, tion for the Teacher's profession-aye, as there always will be if the compensaand practice in that profession,-is as

tion be sufficient, --still Society will reap good a mode to prepare for the active the benefit of the outlay, in whatever duties of life, in all its departments, as any station of life the mental capital thus that can be named, if it is not the very conferred shall be employed.

EDITORIAL DEPARTMENT. THE SCHOOL XOURNAL. you can count on $175 from old Luzerne.

This amount I will send you about DeLANCASTER, NOVEMBER, 1895.

cember 15th."

Supt. Harrison will please accept the The best of men that ever wore earth about him was a hearty thanks of the Memorial Committee sufferer, a soft, meek, patient, humble, tranquil spirit;

for this noble contribution to the Dr. the first true gentleman that ever breathed.- Decker.

Burrowes Fund. It makes us all feel Ye may be aye stickin' in a tree, Jock; it will be growin' when ye're sleepin',-Scotch Farmer.

good to note the generous spirit in which

his teachers respond to this call. We N. C. SCHAEFFER.

J. P. McCASKEY. are gratefulto himself, to Prof. Heikes, and

to everybody in Luzerne connty who has 'HE Dr. Burrowes Memorial Fund is had anything to do with this good deed.

growing; and the teachers of the State Many people live on the low plane of will know more of the early history of animals that forget benefaction and benethe school system as this Dr. Burrowes' | factor ; some upon the higher plane of revival proceeds. The largest single men who remember both, and would contribution yet received from any county gratefully recall and, so far as may be, comes from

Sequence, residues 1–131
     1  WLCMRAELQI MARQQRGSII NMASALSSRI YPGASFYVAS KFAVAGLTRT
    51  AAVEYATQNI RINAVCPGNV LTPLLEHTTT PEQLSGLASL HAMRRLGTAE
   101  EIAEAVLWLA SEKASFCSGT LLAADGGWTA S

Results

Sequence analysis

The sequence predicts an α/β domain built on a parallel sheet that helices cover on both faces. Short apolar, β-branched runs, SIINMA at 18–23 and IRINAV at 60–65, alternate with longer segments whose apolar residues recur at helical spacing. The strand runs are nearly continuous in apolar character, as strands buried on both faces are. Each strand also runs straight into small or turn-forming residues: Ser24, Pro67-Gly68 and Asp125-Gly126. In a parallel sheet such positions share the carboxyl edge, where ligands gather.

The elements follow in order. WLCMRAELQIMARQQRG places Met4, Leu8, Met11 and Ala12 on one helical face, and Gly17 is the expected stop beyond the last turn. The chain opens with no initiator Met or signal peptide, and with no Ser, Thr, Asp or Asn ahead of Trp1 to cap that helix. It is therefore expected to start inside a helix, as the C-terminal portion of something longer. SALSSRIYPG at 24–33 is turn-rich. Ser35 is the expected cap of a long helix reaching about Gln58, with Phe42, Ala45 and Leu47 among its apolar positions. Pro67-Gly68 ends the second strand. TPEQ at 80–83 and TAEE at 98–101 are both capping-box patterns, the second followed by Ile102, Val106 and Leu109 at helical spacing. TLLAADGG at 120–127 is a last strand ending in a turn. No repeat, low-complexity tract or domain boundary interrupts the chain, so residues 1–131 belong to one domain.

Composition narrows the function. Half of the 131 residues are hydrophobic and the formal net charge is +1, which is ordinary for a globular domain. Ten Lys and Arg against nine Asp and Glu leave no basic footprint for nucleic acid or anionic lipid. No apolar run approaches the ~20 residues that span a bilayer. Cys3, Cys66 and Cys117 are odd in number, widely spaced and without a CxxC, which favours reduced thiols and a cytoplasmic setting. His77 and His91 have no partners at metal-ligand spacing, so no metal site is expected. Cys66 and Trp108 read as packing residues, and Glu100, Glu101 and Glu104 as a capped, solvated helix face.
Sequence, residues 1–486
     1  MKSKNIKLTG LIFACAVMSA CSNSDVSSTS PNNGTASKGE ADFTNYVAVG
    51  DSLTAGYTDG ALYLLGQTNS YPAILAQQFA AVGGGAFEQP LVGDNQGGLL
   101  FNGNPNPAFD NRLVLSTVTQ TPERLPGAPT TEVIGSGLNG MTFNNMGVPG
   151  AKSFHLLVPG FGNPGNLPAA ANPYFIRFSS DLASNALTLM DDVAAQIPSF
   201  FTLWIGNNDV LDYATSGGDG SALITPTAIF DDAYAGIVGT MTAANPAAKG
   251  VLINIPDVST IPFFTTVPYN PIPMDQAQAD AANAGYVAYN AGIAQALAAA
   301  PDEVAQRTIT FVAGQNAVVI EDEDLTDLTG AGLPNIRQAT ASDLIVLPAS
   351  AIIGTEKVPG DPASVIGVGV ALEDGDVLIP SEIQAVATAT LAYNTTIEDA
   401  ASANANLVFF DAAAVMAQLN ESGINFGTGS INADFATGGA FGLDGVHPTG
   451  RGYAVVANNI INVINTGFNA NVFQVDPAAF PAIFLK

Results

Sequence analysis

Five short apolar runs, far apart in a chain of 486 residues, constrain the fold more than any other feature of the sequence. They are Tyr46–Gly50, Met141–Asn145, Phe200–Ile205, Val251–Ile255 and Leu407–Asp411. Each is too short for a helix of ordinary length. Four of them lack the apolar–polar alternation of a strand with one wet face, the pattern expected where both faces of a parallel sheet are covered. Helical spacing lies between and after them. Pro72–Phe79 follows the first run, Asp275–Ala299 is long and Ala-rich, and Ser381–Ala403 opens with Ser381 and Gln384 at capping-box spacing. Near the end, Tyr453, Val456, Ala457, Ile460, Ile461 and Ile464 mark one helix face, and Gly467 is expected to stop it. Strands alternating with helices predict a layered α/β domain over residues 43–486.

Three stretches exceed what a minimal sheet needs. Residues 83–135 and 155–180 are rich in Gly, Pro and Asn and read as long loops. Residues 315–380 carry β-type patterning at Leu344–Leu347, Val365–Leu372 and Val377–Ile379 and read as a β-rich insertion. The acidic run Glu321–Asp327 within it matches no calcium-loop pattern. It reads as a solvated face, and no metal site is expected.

old Luzerne.”. Co. Supt. requite them both. We shall be glad at T. B. Harrison says, in a letter dated any time to have the check of big-hearted October 26th: "In accordance with what I Luzerne, and of any other county, be it wrote you some time ago, the matter of the large or small, any school district, NorDr. Burrowes Memorial was presented to mal School, or individual contributor, our County Institute last Friday morning both for the good of the Fund and for the in a well-prepared paper by Prof. Irving good of the giver. A. Heikes, of Plymouth. Our teachers voted unanimously to appropriate to this The new library act for the establishfund an amount in the aggregate equal to ment of free public libraries is bearing twenty-five cents for each teacher enrolled. fruit. A valuable property in the city of As our enrollment is over seven hundred, ' Reading and a large nucleus of books